Preventing a tick bite is always on my mind all summer long. Living in Wisconsin, I am well aware of the diseases transmitted by tick bites. It is about the only negative to our beautiful and absolute fun summers in and around the Badger State.
Having experienced the symptoms of rheumatoid arthritis (RA) makes me even more vigilant to prevent a tick bite. It gets tricky because the tick can be so small that I can’t see it.
A good start to prevention is awareness of what ticks are found where you live and travel to. The Center for Disease Control and Prevention (CDC) is a good source of information. The Wisconsin Department of Health Services is a resource for those of us in Wisconsin.
The next step is to learn what diseases are transmitted by the particular ticks. The CDC website is a great resource for information about tick-borne diseases. Because Lyme Disease is so prevalent where I live, I’m going to discuss ways to prevent Lyme Disease.
Prevention is the best way to avoid a tick-borne disease such as Lyme Disease. Here are a few tips:
- Keep your lawn mowed. Ticks like to hang out at the end of tall grass blades waiting for an animal or human to brush up against it, then it hitches a ride to then bite.
- Wear light colored clothing to better observe ticks.
- Avoid tick habitat, they like wooded and grassy areas.
- Wear long sleeved shirts and long pants. Tuck shirts into pants and pant legs into socks.
- Keep long hair pulled back.
- Avoid sitting on the ground.
- Follow directions and use insect repellent. Clothing can be treated with permethrin.
- Shower within two hours after coming in from outside.
- Perform regular tick checks on your body. Use a mirror and don’t forget to check ears, behind the ears, navel, between toes and scalp. Literally check everywhere!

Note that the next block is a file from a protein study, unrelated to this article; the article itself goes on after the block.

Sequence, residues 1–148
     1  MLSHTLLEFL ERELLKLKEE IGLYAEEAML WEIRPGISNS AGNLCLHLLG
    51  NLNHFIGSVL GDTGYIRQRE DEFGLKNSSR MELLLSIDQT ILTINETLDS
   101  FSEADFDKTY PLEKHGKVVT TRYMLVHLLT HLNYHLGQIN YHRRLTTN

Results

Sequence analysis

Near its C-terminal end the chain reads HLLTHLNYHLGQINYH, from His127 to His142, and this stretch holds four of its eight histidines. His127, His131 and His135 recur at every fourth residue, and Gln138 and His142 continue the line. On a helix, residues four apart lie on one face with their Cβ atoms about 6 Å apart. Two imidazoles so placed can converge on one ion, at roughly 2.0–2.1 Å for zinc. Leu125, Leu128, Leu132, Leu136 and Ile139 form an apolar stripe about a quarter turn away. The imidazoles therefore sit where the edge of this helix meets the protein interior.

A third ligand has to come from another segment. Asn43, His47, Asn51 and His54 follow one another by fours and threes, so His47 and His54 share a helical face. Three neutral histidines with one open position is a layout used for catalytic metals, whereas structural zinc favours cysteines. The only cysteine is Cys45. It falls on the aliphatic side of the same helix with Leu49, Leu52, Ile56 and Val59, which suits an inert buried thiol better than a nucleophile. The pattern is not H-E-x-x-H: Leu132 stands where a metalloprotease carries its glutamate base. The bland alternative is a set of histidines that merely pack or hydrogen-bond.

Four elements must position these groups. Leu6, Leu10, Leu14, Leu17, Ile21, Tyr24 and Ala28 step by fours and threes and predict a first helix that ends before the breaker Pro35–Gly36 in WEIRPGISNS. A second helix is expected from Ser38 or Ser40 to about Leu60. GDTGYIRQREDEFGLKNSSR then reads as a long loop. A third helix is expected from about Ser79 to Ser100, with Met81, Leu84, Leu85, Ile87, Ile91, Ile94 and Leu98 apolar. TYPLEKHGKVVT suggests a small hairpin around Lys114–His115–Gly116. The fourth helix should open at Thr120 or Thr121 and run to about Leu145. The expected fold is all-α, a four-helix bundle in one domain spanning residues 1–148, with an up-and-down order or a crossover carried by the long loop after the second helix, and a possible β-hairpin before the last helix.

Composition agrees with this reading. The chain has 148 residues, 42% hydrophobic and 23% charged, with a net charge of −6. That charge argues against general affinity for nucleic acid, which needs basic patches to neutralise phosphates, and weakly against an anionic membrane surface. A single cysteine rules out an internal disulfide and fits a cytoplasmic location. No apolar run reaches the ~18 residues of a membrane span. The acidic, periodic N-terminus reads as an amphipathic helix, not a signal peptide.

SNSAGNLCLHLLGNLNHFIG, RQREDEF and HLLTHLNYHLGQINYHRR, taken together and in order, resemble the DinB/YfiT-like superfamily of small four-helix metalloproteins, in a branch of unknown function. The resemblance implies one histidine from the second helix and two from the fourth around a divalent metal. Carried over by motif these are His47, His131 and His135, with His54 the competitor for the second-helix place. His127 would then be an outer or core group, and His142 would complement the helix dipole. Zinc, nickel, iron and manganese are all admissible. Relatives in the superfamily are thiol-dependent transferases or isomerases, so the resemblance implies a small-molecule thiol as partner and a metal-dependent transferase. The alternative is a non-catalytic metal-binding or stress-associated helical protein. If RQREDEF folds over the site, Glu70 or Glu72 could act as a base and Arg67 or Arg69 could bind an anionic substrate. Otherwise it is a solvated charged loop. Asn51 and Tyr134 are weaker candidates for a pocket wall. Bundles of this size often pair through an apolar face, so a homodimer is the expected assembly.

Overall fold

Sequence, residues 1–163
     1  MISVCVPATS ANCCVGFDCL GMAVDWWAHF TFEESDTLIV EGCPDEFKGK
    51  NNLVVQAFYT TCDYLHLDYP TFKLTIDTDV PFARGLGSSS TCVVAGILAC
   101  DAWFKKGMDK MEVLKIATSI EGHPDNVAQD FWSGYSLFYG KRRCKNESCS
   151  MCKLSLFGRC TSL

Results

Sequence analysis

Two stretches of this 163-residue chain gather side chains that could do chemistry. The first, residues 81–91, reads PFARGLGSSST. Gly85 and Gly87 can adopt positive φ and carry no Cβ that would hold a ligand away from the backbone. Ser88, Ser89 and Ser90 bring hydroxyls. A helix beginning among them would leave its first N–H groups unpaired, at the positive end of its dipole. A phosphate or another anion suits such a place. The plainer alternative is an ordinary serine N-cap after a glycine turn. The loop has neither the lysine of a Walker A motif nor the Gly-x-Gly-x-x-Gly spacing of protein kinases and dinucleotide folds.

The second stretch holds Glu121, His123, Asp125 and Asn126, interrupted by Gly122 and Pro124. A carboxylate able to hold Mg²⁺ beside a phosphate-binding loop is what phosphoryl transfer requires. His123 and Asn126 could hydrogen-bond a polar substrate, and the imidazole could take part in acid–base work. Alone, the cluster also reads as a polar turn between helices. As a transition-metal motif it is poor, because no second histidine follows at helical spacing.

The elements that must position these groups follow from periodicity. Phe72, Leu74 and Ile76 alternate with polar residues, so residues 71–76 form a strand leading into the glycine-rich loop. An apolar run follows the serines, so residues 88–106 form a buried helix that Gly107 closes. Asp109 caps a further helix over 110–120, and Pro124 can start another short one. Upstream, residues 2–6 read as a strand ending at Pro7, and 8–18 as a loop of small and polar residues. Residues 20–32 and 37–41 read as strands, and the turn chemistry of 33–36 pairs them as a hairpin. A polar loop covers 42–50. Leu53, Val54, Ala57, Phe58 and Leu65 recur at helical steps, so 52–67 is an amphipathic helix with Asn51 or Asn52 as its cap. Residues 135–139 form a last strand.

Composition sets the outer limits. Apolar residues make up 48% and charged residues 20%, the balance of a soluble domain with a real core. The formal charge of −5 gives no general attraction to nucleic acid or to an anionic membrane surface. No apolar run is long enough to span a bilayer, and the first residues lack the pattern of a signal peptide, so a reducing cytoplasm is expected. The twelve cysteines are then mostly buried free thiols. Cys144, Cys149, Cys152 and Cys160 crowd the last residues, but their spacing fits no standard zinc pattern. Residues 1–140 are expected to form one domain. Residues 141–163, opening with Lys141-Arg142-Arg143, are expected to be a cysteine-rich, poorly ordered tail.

- Don’t forget the family pet. Check with your veterinarian for appropriate tick prevention.
- Stay on the trail or path and avoid brushing up against grasses or other vegetation.
Know the symptoms of a tick bite to look out for. A rash, fever, fatigue and many more. Unfortunately, the tick can be so small you may not see it, so be aware of symptoms of tick-borne diseases. Contact your doctor immediately if you suspect you may have tick-borne disease. Again, the CDC website is a go-to resource. Symptoms can occur weeks after a bite.
I had a tick on my waist a week ago. It is important to remove it properly using a tweezer. Don’t touch the tick and wash your body immediately. I also wiped the area with an alcohol swab. Keep the tick in a sealed jar in case you need to test it.
I recommend visiting the CDC website (linked above) to become familiar with tick bite prevention. We vacationed in Colorado last week so I looked at what ticks are found out there and what tick-borne diseases those ticks can carry and transmit.
Tick bite prevention is a part of summertime living in Wisconsin and a whole lot of other places. I find myself checking my scalp and the rest of my body often. Ticks can live all year around, they are just more prevalent in the warmer months. I tend to check our dog, too.
Like my friend the gardener says, ” When you see the lady with her pants tucked into her socks, just wave at me!” A little attention can prevent BIG problems. And that is using Arthritis Wisdom!
What are your thoughts and suggestions? Leave a comment!
photo credit: Jon Flobrant of Unsplash